The presentation of the James Beard Awards, considered the Oscars of the culinary world, was broadcast live on Twitter from Chicago on Friday evening with little pomp and circumstance but a heaping helping of a new day.
The annual gala, usually held every May in Chicago at the Lyric Opera House, was canceled earlier this year due to the pandemic. Shortly afterwards it was announced that the winners in categories such as best restaurant, best chef in regional categories and outstanding chef would not be awarded this year. Instead, the James Beard Foundation (JBF), which annually recognizes excellence in the culinary world, revised its mission and purpose, and announced the award night honoring the previously announced winners for Leadership, Lifetime Achievement, Design and America’s Classics.
It was the first time in the history of the awards that the full list of winners in all categories was not disclosed, a practice that will carry over to the 2021 season due to the devastating impact on the food service industry in the past and the ongoing changes at JBF.
In a statement, the JBF said the changes to the purpose of the awards and the ceremony were made to enable the organization to “conduct a comprehensive internal and external review of the award systems to remove systemic bias and align the awards with the mission of the Foundation to reconcile the promotion of sustainability, justice and diversity in gastronomy. “
“It is our common duty to do everything we can to keep the restaurants going,” said Clare Reichenbach, CEO of JBF, in her opening speech on Friday evening. honor people in our community who have taken up the challenge of this moment. “
A recurring theme and a heartfelt request throughout the evening, which was hosted live from Chicago by food writer / media personality Ji Suk Yi, was to support local restaurants.
“Independent restaurants are at the heart of every city across America. We cannot underestimate the social and economic value they represent, ”said Reichenbach. The US restaurant community employs 16 million people, was once determined, and spans an industry worth $ 860 billion annually – roughly 4% of GDP. The pandemic has resulted in the closings (many of them permanent) of thousands of restaurants across the country and massive unemployment.
The ceremony recognized individuals and industry organizations who work across the country to improve their communities through programs and initiatives that promote equity, diversity and inclusion at all levels. In addition, the JBF announced a new initiative: the James Beard Foundation’s Food and Beverage Fund for Black and Indigenous Americans.
Here is the list of the winners of the virtual event on Friday evening:
The James Beard Leadership Awards
- Phillip and Dorathy E. Barker, Co-Founders of Operation Spring Plant, Inc. (OSP)
- Rosalinda Guillen, Managing Director, Community to Community Development (C2C)
- Abiodun Henderson, Executive Director, The Come Up Project with Gangstas to Growers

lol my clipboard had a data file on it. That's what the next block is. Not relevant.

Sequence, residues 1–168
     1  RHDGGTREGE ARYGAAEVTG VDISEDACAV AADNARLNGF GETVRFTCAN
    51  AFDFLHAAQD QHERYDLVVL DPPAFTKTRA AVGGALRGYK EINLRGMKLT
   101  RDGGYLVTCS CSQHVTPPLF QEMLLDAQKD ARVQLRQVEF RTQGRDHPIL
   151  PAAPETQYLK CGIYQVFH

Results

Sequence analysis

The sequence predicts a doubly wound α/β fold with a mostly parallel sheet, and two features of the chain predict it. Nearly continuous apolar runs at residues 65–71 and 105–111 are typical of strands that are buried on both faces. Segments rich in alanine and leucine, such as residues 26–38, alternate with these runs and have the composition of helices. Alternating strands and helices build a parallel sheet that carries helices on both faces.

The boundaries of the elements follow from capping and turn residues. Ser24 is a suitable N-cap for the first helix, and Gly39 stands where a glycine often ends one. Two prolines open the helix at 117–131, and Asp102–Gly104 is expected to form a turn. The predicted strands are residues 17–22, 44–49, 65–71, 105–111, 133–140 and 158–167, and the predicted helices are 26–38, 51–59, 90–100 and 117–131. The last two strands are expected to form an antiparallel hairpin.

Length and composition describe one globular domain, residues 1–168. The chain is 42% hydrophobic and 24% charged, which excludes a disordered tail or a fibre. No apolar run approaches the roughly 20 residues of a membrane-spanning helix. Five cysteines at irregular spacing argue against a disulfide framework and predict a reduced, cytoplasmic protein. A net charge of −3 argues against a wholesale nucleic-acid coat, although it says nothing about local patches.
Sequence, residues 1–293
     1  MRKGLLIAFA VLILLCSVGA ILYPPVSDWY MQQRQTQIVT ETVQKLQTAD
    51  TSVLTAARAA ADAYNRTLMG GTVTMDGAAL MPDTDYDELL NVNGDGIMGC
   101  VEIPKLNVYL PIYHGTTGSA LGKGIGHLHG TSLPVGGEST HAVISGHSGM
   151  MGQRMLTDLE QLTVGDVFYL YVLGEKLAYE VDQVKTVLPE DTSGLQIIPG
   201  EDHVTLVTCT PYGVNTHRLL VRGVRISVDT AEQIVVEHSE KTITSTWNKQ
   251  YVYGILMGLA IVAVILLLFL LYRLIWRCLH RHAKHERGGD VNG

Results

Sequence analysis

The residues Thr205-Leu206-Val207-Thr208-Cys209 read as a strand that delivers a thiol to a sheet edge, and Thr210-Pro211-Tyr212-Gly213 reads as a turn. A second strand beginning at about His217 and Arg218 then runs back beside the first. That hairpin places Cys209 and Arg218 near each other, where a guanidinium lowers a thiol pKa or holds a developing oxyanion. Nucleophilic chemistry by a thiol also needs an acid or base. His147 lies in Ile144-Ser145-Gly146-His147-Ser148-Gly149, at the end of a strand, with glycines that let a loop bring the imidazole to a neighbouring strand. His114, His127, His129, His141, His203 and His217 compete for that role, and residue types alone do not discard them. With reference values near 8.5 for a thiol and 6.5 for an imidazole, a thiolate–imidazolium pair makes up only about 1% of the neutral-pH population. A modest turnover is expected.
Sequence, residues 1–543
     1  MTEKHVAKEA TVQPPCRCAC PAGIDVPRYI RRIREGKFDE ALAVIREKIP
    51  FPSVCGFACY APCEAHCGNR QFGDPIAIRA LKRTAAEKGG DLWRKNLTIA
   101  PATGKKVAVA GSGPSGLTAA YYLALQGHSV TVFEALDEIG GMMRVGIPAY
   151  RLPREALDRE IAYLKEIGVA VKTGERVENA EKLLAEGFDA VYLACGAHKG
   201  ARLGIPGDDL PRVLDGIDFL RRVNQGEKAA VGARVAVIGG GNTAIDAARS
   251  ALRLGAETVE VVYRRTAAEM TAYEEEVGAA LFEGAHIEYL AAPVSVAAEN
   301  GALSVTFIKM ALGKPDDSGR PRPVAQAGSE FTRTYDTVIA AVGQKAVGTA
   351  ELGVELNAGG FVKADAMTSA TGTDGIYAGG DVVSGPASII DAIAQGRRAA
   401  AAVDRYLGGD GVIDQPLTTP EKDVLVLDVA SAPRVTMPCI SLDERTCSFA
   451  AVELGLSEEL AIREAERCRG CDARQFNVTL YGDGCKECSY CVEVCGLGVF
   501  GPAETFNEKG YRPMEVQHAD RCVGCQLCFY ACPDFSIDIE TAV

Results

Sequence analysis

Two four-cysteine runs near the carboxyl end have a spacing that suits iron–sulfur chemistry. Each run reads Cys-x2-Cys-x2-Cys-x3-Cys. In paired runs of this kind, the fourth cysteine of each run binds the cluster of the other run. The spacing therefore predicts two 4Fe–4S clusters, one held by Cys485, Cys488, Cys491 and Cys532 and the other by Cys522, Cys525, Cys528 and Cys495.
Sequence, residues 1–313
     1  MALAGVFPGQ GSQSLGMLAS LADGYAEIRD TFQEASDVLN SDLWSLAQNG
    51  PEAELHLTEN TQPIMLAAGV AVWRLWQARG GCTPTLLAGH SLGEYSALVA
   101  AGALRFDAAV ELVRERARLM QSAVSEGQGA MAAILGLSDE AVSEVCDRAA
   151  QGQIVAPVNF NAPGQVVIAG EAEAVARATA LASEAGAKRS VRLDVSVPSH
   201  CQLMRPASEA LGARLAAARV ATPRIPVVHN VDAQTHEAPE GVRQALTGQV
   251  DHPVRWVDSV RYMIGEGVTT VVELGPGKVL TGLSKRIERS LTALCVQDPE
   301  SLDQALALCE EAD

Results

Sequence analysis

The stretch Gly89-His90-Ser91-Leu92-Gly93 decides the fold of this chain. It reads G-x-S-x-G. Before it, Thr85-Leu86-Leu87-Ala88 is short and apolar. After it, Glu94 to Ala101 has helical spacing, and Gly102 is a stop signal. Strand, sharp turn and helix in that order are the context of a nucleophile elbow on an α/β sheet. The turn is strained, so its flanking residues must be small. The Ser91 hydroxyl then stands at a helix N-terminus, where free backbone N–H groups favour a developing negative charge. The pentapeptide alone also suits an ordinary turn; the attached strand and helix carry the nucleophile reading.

- Mark and Kerry Marhefka, owners, Abundant Seafood
- Caleb Zigas, Managing Director, La Cocina
Life’s work: Jessica B. Harris, who has worked as a food historian and journalist on the history of the African diaspora. “African cuisine has changed the world in so many ways,” she said in an interview recorded from home. In his opening remarks, the musician Questlove mentioned Harris’ writings, including 12 cookbooks devoted to the story and characters who were “unseen and unsung, the butchers, bakers, farmers, farm workers, cooks, waiters”.
“If I can move away from the personal aspect, it also signals that I recognize the exceptional culinary heritage that I have been writing about for most of my 40 years,” said Harris.
- Lassis Inn, Little Rock, Arkansas. Owners: Elihue Washington Jr. and Maria Washington
- Zehnder’s of Frankenmuth, Frankenmuth, Michigan, owners: Al Zehnder, Susan Zehnder and Martha Zehnder Shelton
- Puritan Back Room, Manchester, New Hampshire. Owners: Arthur Pappas, Chris Pappas and Eric Zink
- Oriental Market, Seattle. Owners: Mila Apostol and Joy Apostol
- El Taco de Mexico, Denver. Owner: Sasha Zanabria
- Vera’s Backyard Bar-B-Que, Brownsville, Texas. Owner: Armando Vera
Design icon: Chez Panisse, Berkeley, California. Owner: Alice Waters
Humanitarian of the year: Zero Foodprint, which works across the country to promote wider commitment to organic farming and climate neutral restaurants.
The evening ended with a virtual round table discussion on the state of the restaurant industry, moderated by food writer / cookbook author Gail Simmons and attended by chefs Kwame Onwuachi, Tanya Holland and Chicago’s Beverly Kim and Johnny Clark from Parachute Restaurant.
“While we barely broke even during this pandemic, it felt really good to be able to help our frontline workers and cook for the local hospital and donate to the local seniors and the Korean-American community,” said Kim. “And we keep thinking about how we can give back to our community, especially during the protests. Black Lives Matter has paid a lot of attention to using our platform to talk about these issues as well as gender inequalities. People look to restaurants, believe it or not, they see us as leaders in the community, for social justice and change. “